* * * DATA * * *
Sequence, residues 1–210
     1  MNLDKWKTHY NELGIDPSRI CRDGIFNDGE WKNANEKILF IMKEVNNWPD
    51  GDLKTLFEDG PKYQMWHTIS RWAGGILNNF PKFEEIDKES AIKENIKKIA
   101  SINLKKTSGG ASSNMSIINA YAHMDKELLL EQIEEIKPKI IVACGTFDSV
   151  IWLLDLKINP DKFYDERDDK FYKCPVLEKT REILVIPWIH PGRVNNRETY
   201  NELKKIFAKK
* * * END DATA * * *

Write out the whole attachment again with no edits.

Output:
Sequence, residues 1–210
     1  MNLDKWKTHY NELGIDPSRI CRDGIFNDGE WKNANEKILF IMKEVNNWPD
    51  GDLKTLFEDG PKYQMWHTIS RWAGGILNNF PKFEEIDKES AIKENIKKIA
   101  SINLKKTSGG ASSNMSIINA YAHMDKELLL EQIEEIKPKI IVACGTFDSV
   151  IWLLDLKINP DKFYDERDDK FYKCPVLEKT REILVIPWIH PGRVNNRETY
   201  NELKKIFAKK